70. Produce Music for Commercials – A lot of musicians think that composing music for commercials means quenching their creative side, but Gabe Sokoloff says that isn’t the case. He says it can even help make you a better musician, give you an appreciation for the diversity in music, and advance your music career. Don’t know where to start? Begin with local businesses who might need music for television ads.
71. Sell Your Merchandise Online with Your Own Website – You never know when someone is looking for a goodie for themselves or a special gift idea for their friends and family, who might be fans. Street Drum Corps sells swag supplied and sold through their free online store CafePress.com.
72. Sign Up for All Media Sync Licensing with a Library – All Media sync licensing will extend your license to all forms of media, like commercials, TV shows, and more. CD Baby makes this possible through a partnership with Rumblefish.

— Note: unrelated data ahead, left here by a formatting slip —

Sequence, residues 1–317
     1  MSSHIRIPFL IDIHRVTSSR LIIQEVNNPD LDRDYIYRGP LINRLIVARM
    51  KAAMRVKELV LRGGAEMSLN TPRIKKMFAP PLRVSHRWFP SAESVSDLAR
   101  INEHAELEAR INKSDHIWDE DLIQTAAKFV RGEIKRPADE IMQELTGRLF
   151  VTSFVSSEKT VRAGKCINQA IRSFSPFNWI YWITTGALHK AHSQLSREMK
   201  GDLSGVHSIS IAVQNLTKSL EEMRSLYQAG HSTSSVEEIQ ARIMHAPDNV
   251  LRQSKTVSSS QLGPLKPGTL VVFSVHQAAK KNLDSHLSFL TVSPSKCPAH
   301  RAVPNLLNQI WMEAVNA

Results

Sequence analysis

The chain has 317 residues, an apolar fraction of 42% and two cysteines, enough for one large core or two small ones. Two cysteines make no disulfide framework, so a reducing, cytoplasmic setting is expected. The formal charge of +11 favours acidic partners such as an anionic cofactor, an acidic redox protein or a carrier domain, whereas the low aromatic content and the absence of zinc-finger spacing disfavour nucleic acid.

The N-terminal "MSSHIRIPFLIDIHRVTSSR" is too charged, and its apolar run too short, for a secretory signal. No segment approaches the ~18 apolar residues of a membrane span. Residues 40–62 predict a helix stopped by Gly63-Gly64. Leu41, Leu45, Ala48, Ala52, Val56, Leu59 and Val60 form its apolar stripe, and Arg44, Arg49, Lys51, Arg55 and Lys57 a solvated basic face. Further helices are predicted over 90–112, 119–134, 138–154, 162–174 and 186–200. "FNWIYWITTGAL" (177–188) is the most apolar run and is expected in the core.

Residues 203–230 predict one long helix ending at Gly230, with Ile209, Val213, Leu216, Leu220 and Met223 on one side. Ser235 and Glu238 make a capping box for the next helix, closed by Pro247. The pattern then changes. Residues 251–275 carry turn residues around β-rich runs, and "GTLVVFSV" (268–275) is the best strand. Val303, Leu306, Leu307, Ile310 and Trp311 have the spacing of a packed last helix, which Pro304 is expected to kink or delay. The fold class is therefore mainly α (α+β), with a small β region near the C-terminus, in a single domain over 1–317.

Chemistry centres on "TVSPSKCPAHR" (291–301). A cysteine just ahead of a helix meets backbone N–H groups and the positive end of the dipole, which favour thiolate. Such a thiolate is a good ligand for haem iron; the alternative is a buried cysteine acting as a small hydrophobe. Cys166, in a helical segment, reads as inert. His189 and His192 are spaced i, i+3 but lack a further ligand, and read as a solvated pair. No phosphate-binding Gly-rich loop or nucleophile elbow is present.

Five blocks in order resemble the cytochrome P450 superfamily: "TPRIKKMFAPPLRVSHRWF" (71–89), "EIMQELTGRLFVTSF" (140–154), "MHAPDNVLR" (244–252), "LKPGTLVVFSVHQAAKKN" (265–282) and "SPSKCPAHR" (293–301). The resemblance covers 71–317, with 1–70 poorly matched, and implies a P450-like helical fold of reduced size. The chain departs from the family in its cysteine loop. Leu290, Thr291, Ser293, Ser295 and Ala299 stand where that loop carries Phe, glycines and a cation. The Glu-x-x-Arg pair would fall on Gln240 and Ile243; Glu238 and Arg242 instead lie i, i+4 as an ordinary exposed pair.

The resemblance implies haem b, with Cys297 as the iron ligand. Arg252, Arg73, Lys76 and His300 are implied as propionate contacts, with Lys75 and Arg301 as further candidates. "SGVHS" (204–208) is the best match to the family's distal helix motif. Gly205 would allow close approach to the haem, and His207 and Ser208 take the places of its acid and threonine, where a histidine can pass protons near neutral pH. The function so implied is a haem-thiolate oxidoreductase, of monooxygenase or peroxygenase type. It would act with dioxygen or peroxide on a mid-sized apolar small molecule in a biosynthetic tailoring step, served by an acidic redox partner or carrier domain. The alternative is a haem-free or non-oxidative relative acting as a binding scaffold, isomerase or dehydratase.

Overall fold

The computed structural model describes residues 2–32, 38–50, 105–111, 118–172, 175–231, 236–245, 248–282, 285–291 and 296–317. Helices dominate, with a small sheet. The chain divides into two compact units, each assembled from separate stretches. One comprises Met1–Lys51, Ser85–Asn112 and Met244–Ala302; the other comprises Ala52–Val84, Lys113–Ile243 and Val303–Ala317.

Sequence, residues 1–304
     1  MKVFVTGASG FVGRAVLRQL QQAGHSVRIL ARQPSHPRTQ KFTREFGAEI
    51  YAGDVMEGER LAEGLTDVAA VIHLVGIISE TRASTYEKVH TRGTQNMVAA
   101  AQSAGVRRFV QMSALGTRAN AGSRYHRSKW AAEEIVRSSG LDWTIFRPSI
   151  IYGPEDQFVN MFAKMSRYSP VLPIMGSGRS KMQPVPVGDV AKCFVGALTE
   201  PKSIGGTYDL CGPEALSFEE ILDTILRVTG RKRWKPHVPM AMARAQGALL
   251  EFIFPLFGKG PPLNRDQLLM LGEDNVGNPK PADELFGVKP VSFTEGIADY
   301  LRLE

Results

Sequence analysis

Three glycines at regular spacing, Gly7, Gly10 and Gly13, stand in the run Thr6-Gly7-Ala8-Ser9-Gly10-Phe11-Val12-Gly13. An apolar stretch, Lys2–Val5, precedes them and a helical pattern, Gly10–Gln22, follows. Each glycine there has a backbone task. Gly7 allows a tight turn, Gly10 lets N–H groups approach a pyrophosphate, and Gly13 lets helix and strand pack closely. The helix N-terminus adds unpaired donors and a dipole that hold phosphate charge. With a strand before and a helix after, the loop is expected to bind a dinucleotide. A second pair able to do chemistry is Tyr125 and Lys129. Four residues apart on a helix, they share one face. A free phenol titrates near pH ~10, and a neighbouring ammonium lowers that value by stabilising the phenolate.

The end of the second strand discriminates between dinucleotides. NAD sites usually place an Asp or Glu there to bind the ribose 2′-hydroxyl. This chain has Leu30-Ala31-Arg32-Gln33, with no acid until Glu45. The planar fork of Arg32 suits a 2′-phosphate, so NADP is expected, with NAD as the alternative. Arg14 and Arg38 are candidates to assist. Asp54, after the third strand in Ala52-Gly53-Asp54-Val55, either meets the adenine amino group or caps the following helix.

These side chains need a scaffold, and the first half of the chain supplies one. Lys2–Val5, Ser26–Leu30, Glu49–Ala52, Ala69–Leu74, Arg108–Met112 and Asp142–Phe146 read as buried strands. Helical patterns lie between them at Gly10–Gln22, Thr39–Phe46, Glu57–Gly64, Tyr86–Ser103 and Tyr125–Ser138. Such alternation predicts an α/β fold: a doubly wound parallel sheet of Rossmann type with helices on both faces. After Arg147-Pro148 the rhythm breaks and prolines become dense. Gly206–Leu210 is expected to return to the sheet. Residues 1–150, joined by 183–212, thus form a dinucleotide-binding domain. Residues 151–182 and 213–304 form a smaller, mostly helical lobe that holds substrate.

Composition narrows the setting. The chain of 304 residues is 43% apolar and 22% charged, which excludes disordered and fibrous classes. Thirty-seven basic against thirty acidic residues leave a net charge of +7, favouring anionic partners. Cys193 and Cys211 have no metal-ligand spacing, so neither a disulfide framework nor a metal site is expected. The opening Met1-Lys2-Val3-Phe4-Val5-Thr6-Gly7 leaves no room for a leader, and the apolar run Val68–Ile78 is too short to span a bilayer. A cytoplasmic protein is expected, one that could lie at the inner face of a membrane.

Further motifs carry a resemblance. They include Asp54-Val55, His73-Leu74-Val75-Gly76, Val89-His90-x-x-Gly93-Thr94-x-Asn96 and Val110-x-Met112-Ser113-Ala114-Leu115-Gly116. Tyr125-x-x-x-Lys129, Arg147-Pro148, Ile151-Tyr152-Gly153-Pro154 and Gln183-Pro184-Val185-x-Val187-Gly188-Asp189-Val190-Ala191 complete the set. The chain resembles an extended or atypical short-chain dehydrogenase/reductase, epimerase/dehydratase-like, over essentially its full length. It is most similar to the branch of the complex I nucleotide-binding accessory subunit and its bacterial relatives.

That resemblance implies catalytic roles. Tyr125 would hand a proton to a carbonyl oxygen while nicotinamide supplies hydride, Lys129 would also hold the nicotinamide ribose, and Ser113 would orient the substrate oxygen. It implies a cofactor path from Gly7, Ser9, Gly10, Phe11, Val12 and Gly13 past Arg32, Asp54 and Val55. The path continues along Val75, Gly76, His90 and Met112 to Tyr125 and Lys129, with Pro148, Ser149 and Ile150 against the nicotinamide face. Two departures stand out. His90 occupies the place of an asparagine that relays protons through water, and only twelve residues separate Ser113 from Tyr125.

73. Go on a Summer House Concert Tour – If you have friends in other states or connections in different cities within the same state, consider creating a house concert tour. Charge admission; pay the homeowner a fee, and pay yourself. Set up a recording in one of the houses and then sell albums later when the tour has ended, like Shannon Curtis did.
74. Earn Mechanical Royalties – “Every time a song you’ve written is manufactured to be sold in a CD, downloaded on a digital music retail site, or streamed through services like Spotify and Rdio, you are owed a mechanical royalty.”